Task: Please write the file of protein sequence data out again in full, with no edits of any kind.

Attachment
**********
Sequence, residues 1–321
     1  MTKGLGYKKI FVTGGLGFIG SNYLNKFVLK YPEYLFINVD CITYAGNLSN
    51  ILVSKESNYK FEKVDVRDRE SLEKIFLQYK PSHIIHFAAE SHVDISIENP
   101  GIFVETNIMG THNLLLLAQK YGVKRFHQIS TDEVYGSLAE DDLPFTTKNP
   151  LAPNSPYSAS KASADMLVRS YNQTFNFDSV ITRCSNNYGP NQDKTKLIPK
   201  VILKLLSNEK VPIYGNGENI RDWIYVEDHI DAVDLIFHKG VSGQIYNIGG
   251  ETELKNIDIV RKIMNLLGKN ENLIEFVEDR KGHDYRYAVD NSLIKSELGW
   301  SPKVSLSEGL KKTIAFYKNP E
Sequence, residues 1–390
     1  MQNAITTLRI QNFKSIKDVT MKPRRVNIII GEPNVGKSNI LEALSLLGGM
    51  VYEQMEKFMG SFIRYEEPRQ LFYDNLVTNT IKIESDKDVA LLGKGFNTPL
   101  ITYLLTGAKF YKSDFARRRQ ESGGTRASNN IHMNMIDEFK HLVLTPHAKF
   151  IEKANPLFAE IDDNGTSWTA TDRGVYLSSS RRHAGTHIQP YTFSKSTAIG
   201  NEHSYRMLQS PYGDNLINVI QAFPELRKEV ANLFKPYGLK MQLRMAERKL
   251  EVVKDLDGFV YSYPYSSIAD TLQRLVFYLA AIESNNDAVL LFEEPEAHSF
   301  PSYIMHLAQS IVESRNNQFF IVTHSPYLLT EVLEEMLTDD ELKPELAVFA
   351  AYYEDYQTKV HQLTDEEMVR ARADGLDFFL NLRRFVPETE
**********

Sequence, residues 1–321
     1  MTKGLGYKKI FVTGGLGFIG SNYLNKFVLK YPEYLFINVD CITYAGNLSN
    51  ILVSKESNYK FEKVDVRDRE SLEKIFLQYK PSHIIHFAAE SHVDISIENP
   101  GIFVETNIMG THNLLLLAQK YGVKRFHQIS TDEVYGSLAE DDLPFTTKNP
   151  LAPNSPYSAS KASADMLVRS YNQTFNFDSV ITRCSNNYGP NQDKTKLIPK
   201  VILKLLSNEK VPIYGNGENI RDWIYVEDHI DAVDLIFHKG VSGQIYNIGG
   251  ETELKNIDIV RKIMNLLGKN ENLIEFVEDR KGHDYRYAVD NSLIKSELGW
   301  SPKVSLSEGL KKTIAFYKNP E
Sequence, residues 1–390
     1  MQNAITTLRI QNFKSIKDVT MKPRRVNIII GEPNVGKSNI LEALSLLGGM
    51  VYEQMEKFMG SFIRYEEPRQ LFYDNLVTNT IKIESDKDVA LLGKGFNTPL
   101  ITYLLTGAKF YKSDFARRRQ ESGGTRASNN IHMNMIDEFK HLVLTPHAKF
   151  IEKANPLFAE IDDNGTSWTA TDRGVYLSSS RRHAGTHIQP YTFSKSTAIG
   201  NEHSYRMLQS PYGDNLINVI QAFPELRKEV ANLFKPYGLK MQLRMAERKL
   251  EVVKDLDGFV YSYPYSSIAD TLQRLVFYLA AIESNNDAVL LFEEPEAHSF
   301  PSYIMHLAQS IVESRNNQFF IVTHSPYLLT EVLEEMLTDD ELKPELAVFA
   351  AYYEDYQTKV HQLTDEEMVR ARADGLDFFL NLRRFVPETE